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MiguelCardoso (2)

Faklng Cultural Interest

Is That A Masterpiece Or What? Oh, Give Me A Fucking Break! It's definitely a what, right? The great thing about growing up is you stop caring about what is admired and respected by those you admire and respect and settle down to liking what you actually like. I can remember studying and pretending to love, for instance, the films of Eisenstein; Syberberg or Jean-Marie Straub and Danielle Huillet; the writings of Kierkegaard, Proust, Musil, Robbe-Grillet or Michel Butor; the artworks of Joseph Beuys, Frank Stella or Morris Louis; the music of Ligeti, Stockhausen, Xenakis or Luigi Nono. Now, I admit I think they're all quite boring. All lies; damned lies! And yet...and yet I think this article by Tom Utley is thoroughly philistine and brutal. Still: could it be that we all fake it to some extent? When we're young, at least? Have you ever lied about your taste? Are you ashamed?
posted by MiguelCardoso on Sep 11, 2003 - 45 comments

 

'Our problem is that “Gee” is an abbreviation for Jesus.'

‘We can say “God”, “God” is fine, but we have to be very careful about anything that involves the name of the Lord and Saviour.’ Tory MP and Spectator editor Boris Johnson reflects on the process of getting a breezy op-ed past the editorial process of the Gray Lady. Jokes at the expense of the President of Guinea just aren't done.
posted by riviera on Mar 21, 2003 - 9 comments

Ye Olde England - Does It Have A Future?

What Happened To My Woodcock? Much as I love reading Mary Killen's etiquette column in The Spectator, it has to be said it's becoming more and more exotic and self-consciously ridiculous. But that's nothing compared to the success of This England magazine, Britain's best-selling quarterly, complete with a crusty, pastoral editor's letter (Yes, Amanda, it was published in 2002) and a reactionary, anti-EU petition. Add magazines like Country Life and The Lady, Countryman or The Field, and the old question once again arises: will there still always be an England or will it just become more and more parochial and eventually go undercover? Or just disappear?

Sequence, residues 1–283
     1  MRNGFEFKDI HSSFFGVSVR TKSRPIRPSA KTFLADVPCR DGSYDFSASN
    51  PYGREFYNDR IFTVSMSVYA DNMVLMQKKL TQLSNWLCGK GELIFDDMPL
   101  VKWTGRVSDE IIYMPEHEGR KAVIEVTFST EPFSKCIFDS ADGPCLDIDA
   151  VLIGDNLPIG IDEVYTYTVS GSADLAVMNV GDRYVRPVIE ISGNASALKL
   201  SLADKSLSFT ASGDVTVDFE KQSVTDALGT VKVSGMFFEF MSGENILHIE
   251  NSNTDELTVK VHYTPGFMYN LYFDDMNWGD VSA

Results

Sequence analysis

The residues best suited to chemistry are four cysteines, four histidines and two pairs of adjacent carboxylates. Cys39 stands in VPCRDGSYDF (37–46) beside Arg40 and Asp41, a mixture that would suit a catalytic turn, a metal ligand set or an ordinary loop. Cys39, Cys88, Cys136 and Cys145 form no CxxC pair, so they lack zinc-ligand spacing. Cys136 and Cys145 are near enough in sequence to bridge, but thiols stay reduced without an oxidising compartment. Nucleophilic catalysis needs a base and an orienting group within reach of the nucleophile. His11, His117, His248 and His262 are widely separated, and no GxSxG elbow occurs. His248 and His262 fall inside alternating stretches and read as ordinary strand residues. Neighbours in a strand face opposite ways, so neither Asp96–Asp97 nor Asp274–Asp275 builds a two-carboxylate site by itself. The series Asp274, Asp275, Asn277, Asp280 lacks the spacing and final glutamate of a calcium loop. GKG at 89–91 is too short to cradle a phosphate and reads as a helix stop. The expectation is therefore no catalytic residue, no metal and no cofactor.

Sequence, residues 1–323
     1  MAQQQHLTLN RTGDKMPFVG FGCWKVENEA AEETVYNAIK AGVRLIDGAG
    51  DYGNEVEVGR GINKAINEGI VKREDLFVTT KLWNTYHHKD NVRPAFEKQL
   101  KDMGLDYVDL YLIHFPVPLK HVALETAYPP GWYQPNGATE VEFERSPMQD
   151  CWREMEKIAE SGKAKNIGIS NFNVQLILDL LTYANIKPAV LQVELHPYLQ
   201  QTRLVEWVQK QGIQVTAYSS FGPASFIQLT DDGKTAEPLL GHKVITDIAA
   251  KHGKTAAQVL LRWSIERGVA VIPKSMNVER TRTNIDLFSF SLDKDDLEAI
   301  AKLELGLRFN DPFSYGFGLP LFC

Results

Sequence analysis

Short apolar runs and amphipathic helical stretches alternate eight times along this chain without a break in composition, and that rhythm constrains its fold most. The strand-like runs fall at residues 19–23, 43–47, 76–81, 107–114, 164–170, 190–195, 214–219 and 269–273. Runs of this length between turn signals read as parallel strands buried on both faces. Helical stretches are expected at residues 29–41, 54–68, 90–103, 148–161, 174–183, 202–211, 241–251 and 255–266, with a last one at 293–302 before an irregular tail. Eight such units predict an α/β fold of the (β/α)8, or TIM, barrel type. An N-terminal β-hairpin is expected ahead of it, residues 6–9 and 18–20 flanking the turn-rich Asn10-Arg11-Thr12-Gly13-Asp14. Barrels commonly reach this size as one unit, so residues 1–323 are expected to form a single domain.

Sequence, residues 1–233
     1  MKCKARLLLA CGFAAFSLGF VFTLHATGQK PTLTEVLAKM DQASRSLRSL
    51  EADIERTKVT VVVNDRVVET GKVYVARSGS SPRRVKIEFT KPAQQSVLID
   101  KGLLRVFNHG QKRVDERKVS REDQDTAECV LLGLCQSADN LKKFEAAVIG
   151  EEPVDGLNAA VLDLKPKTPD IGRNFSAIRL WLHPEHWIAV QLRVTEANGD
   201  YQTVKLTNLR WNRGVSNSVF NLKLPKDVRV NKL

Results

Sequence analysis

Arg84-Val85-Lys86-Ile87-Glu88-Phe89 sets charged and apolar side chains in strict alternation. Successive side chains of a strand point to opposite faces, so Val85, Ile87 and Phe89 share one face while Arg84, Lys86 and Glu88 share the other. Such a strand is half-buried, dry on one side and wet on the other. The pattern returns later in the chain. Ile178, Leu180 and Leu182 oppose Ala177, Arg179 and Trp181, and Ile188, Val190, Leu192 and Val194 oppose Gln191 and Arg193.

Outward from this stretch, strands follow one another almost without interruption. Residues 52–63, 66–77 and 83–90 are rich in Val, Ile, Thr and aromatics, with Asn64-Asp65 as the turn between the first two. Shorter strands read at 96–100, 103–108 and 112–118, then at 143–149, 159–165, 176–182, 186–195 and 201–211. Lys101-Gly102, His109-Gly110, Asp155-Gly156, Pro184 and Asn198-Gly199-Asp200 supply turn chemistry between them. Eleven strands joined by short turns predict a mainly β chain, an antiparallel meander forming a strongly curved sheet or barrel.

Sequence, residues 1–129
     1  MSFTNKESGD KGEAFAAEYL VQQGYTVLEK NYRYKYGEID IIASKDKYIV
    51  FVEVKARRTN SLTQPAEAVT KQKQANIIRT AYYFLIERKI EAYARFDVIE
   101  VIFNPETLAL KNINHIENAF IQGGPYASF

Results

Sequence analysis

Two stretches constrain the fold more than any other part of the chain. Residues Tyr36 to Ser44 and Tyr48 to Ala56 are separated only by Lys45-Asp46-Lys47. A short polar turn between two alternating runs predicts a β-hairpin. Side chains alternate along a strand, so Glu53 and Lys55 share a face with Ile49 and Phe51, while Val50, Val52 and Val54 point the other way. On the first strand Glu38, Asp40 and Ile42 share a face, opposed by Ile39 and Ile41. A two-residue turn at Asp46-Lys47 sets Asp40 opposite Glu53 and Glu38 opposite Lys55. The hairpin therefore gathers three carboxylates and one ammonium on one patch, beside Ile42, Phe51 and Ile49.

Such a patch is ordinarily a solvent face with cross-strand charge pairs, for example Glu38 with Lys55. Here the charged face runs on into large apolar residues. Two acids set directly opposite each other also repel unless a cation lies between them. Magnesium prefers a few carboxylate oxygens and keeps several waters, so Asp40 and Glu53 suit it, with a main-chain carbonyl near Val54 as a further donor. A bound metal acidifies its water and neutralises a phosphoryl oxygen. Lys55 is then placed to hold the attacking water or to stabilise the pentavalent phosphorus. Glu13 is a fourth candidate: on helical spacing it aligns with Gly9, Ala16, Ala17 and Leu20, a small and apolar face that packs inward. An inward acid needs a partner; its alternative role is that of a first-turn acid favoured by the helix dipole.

posted by MiguelCardoso on Dec 6, 2002 - 17 comments

"The oldest profession in the world"

"The oldest profession in the world" gains a whole new meaning with this 57-year-old woman's spirited account, in The Spectator (est. 1858) no less, of her successful new career as a prostitute. I must admit a part of me said "Hooray! There's hope for us thirtysomethings yet" but the rest remained highly suspicious or (to be honest) whispered "How pathetic!" Is this ageism or are (much) older women really more attractive nowadays?
posted by Schweppes Girl on Nov 7, 2002 - 29 comments

The editor-at-large of The Spectator has resigned in protest at the publication of an anti-American article.

The editor-at-large of The Spectator has resigned in protest at the publication of an anti-American article. There has already been some discussion of this here but the British press seems to be tearing itself apart about how much to support the War on Terror, and what viewpoints it's acceptable to express. The offending article will presumably appear here sometime in the next few days, though its content is somewhat predictable given the views of the author. Funny quote: "I want to be in the magazine more often than I seem to be". Maybe the price of freedom is eternal whingeing.
posted by Gaz on Mar 13, 2002 - 11 comments

"I have no hesitation in describing this mentality, carefully and without heat, as soft on crime and soft on fascism. No political coalition is possible with such people and, I’m thankful to say, no political coalition with them is now necessary. It no longer matters what they think." Christopher Hitchens says that intellectuals of the left who seek to understand the new enemy are no friends of peace, democracy or human life. Two different versions of the same article here and here. Along the same lines, a piece from The Economist arguing that "Whatever its mistakes, the idea that America brought the onslaught upon itself is absurd."
posted by aaron on Oct 2, 2001 - 57 comments

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